Hayley Heynderickx - I Need To Start A Garden
It is Sunday, somewhere around noon. I’m not asleep, but close. The trees and buildings outside the window give a bleak blend of green and brown, against a dreary gray backdrop. Where am I? I feel like I should be home, but this cannot be, for I don’t recall such dreariness being characteristic of my home. After all, a person should get to choose their home, and I for one would never choose a place like this. My home is neither dull nor flashy, but colorful; neither boring nor fancy, but plain. If I get up and go to the next room, I know I will be able to look out the window and see sunbeams echoing off of mountains, mountains that – despite how much I love mountains – don’t seem any less dreary than my current view. I don’t get up. But if I close my eyes, I can see ever so slightly, out of the corner of my eye (where all Quality is best seen), my home. It is there. I can see it, feel it, taste it. But I am not there. Someday. For now, I can live with by brown, green, and gray, and when I see the roads leading away, I let my mind follow them, upwards, outwards, onwards… home?
Taking a slightly different tact, DJ Reanna Cruz has decided to feature their favorite songs, rather than albums. Enjoy!
MGMT - “Me and Michael”
On an album with singles like “When You Die” and “Little Dark Age”, MGMT continues to outdo themselves by leaning heavily into the 80s nostalgia and bombast that has previously only lended influence to their past work. The entire Little Dark Age album welcomes this wholeheartedly, but none of them are as effective as the fourth track “Me and Michael”. It’s rare for a song to make me, the listener, feel like I don’t deserve to be listening to something so effortlessly remarkable - however, on this track MGMT captures the indescribable feeling of nostalgic friendship with ease. The song kicks off with two kicks of a drum synth, and it immediately thrusts you into an aural synth landscape that sounds like an auditory rendition of what it feels like to have sheer hope. When Andrew VanWyngarden belts “me and Michael / solid as they come” in the chorus, you feel it in your chest; the meaning is muddled - but that’s the intention. The listener has to construct their own understanding, connect their own “Michael”, and because of that, it makes this grandiose, reverb-laden piece even more magical.
Kids See Ghosts - “Reborn”
The entire Kids See Ghosts album shines as a return to form for both members of the duo - Kanye West and Kid Cudi - but “Reborn” in particular shows both members at their highest of highs. Kanye delivers one of his best verses in years, but the piece as a whole belongs to Kid Cudi and his producers. The latter half, as Cudi repeats the mantra “keep moving forward” backed by just an organ and a drum synth (produced by frequent collaborator Evan Mast, half of Ratatat) acts as a reminder, and serves as both an ideology as well as one of the most powerful minutes of hip hop music of this year.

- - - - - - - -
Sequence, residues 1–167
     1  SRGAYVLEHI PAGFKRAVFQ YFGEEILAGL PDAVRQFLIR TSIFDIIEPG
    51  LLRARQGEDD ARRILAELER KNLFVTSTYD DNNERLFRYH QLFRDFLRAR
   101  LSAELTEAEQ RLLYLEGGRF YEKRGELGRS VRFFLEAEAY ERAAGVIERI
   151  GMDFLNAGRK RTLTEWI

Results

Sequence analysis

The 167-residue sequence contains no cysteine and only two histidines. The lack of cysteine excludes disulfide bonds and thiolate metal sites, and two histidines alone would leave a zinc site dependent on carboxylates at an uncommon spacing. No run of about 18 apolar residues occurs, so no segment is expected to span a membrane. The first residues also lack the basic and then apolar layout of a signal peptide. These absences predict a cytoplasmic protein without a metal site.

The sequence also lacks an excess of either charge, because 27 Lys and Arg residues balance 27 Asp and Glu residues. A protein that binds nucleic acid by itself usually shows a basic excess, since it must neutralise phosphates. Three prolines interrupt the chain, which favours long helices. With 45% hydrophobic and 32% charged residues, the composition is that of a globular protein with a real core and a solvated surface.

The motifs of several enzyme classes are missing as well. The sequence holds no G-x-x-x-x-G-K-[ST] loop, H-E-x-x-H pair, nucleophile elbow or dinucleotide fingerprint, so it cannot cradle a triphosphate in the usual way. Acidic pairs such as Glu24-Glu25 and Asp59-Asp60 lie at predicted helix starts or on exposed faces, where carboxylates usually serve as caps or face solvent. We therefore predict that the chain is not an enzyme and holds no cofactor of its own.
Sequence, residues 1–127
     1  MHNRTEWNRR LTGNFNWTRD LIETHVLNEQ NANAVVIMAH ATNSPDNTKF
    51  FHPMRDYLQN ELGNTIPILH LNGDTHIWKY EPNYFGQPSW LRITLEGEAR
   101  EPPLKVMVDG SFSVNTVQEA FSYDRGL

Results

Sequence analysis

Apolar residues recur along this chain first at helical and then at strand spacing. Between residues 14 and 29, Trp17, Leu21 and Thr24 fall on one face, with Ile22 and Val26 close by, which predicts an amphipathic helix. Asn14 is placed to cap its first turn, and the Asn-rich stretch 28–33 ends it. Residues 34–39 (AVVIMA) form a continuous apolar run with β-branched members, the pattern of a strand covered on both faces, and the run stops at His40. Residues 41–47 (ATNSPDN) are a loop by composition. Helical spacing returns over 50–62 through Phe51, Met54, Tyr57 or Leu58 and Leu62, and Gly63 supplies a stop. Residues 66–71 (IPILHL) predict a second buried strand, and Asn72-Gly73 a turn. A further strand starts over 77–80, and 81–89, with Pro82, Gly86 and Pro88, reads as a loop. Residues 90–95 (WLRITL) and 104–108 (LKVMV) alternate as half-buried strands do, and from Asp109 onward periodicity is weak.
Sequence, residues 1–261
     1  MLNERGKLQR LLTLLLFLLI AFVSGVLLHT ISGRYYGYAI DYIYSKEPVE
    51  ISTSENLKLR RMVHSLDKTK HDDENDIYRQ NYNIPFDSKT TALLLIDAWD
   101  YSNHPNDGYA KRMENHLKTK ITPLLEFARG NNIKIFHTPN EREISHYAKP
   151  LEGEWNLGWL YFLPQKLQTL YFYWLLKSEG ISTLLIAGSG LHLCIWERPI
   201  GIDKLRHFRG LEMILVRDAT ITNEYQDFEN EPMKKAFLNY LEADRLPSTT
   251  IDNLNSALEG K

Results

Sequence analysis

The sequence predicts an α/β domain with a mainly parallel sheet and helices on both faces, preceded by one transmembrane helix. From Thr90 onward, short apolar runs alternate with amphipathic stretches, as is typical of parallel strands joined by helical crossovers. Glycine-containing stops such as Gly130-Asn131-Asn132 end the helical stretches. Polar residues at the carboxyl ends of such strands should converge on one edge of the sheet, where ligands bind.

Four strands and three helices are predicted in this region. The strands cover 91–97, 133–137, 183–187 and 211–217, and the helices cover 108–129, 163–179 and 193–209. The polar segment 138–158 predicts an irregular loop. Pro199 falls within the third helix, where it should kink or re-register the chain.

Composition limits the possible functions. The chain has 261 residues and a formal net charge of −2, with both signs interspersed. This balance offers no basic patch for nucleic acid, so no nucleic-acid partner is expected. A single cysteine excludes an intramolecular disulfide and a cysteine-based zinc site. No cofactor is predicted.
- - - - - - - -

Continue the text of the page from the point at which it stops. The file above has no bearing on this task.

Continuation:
SOPHIE - “Is It Cold In The Water?”
SOPHIE’s 2018 record OIL OF EVERY PEARL’S UN-INSIDES acts as not just an art-pop masterpiece, but also as an outstanding performance about what it means to be closeted and trans, yearning to grasp fully what being a femme-presenting “girl” is. “Is It Cold in the Water?” is the centerpiece, a hauntingly gorgeous reflection on what it feels like to want more out of life. Sheer power and emotion oozes out of every musical crevice, from Mozart’s Sister’s octave jumping vocals, to the sweeping bass soundscapes, to the flowing production - the delicate and the jagged seem to play with each other, contrasting while coming together with every layer. It is a reflection on rebirth, and SOPHIE works to have “Is It Cold…” become not just a mere song, but an immersive experience.
Ariana Grande - “no tears left to cry”
Over engulfing synths and soaring vocals, Ariana Grande delivers one of the most powerful pop performances of the year. “no tears left to cry” is rebuilding yourself at it’s finest; Grande, with Max Martin’s production, craft an elegant piece of music showcasing hardship, loss, and uncertainty. She takes these unpleasant emotions, stores them all in a box, and lets them sit - for when Ariana emerges, she is absolutely unstoppable, and comes to let the world know that things always get better. This message shines through, and serves as a step of growth for Ari, becoming a fitting lead single for sweetener, as well as one of her finest melodic performances.
Mac Miller - “Self Care”
Untimely death aside, Swimming is one of the best rap records of 2018; Mac Miller outdoes himself, and shows an extreme maturation of both sound and vision. This is incredibly evident in every single facet of “Self Care” - lyrically, the song serves as one of his most self-reflective, and musically, the beat switch alone ranks it as one of the best songs of this year, as well as of his exemplary catalog. It’s a shame one of the most forward thinking people in the rap game had to pass too soon, because, if anything, “Self Care” was an indication of the immeasurable musical heights Mac could reach.
Jóhann Jóhannson - “Children of the New Dawn”
Composer Johann Johannsson passed away earlier this year at 48 years old, his final film score being for this year’s Mandy (2018) dir. Panos Cosmatos, a grindhouse thriller starring Nicolas Cage. The film is wholly a psychedelic experience, with Johannsson delivering an incredible score heavily influenced by a myriad of genres, stoner metal and psychedelic rock included. The last piece in the film, “Children of the New Dawn”, is a pulsating instrumental that manages to bridge the gap between orchestral brilliance and shoegaze immersiveness, and works as a perfect, out of the box cap to Johannsson’s illustrious career.